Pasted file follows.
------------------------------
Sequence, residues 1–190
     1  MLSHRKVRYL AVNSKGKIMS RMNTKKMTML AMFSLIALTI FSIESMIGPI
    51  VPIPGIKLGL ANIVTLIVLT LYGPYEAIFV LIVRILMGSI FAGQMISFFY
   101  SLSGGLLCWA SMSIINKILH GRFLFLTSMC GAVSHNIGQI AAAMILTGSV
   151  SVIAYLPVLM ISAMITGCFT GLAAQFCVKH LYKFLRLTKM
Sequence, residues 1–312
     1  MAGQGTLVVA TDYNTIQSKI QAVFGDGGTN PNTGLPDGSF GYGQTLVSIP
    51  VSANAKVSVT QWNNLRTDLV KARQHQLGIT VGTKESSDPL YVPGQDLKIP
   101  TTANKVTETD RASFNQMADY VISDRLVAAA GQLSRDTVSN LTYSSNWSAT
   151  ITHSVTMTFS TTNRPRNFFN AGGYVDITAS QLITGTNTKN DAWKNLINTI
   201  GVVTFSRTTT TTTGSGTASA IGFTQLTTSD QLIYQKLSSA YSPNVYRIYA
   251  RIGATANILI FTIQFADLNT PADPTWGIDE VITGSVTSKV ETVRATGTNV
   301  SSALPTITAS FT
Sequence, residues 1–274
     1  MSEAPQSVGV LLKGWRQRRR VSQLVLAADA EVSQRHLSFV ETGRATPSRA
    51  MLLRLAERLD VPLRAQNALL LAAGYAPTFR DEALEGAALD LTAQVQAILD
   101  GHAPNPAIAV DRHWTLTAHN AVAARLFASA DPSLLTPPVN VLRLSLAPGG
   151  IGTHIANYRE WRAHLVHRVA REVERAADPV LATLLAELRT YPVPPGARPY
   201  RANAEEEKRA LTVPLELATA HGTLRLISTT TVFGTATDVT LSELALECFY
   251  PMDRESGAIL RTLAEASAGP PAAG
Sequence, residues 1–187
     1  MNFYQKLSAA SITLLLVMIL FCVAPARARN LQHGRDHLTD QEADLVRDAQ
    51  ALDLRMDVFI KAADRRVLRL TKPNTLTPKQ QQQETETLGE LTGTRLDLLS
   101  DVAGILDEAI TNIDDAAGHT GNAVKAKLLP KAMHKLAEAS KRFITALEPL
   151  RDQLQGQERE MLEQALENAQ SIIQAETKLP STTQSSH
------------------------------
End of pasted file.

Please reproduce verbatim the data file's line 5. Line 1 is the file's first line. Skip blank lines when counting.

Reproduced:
   151  SVIAYLPVLM ISAMITGCFT GLAAQFCVKH LYKFLRLTKM